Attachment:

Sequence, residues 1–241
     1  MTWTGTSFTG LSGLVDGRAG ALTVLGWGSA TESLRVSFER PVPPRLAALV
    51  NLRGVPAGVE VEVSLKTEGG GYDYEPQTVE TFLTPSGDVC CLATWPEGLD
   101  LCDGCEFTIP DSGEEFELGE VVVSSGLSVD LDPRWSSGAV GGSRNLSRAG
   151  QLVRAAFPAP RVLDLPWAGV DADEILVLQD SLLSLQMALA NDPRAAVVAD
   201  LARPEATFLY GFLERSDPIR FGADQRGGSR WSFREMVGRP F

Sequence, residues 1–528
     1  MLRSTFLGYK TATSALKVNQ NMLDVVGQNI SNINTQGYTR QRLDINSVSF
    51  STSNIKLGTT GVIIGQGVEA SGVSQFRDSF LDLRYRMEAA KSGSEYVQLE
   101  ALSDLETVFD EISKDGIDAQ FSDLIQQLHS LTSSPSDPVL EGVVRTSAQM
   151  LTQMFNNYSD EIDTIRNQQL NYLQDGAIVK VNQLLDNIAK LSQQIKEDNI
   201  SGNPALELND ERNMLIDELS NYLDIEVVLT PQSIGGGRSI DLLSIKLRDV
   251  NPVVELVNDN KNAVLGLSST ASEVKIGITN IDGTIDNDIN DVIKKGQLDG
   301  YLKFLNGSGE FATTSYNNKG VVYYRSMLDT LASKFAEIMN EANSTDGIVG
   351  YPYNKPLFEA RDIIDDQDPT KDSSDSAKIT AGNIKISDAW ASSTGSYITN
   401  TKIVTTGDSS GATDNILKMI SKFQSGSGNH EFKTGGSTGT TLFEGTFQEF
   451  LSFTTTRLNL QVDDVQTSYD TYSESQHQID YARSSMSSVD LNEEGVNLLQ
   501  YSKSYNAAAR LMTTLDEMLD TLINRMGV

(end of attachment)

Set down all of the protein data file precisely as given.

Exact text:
Sequence, residues 1–241
     1  MTWTGTSFTG LSGLVDGRAG ALTVLGWGSA TESLRVSFER PVPPRLAALV
    51  NLRGVPAGVE VEVSLKTEGG GYDYEPQTVE TFLTPSGDVC CLATWPEGLD
   101  LCDGCEFTIP DSGEEFELGE VVVSSGLSVD LDPRWSSGAV GGSRNLSRAG
   151  QLVRAAFPAP RVLDLPWAGV DADEILVLQD SLLSLQMALA NDPRAAVVAD
   201  LARPEATFLY GFLERSDPIR FGADQRGGSR WSFREMVGRP F

Sequence, residues 1–528
     1  MLRSTFLGYK TATSALKVNQ NMLDVVGQNI SNINTQGYTR QRLDINSVSF
    51  STSNIKLGTT GVIIGQGVEA SGVSQFRDSF LDLRYRMEAA KSGSEYVQLE
   101  ALSDLETVFD EISKDGIDAQ FSDLIQQLHS LTSSPSDPVL EGVVRTSAQM
   151  LTQMFNNYSD EIDTIRNQQL NYLQDGAIVK VNQLLDNIAK LSQQIKEDNI
   201  SGNPALELND ERNMLIDELS NYLDIEVVLT PQSIGGGRSI DLLSIKLRDV
   251  NPVVELVNDN KNAVLGLSST ASEVKIGITN IDGTIDNDIN DVIKKGQLDG
   301  YLKFLNGSGE FATTSYNNKG VVYYRSMLDT LASKFAEIMN EANSTDGIVG
   351  YPYNKPLFEA RDIIDDQDPT KDSSDSAKIT AGNIKISDAW ASSTGSYITN
   401  TKIVTTGDSS GATDNILKMI SKFQSGSGNH EFKTGGSTGT TLFEGTFQEF
   451  LSFTTTRLNL QVDDVQTSYD TYSESQHQID YARSSMSSVD LNEEGVNLLQ
   501  YSKSYNAAAR LMTTLDEMLD TLINRMGV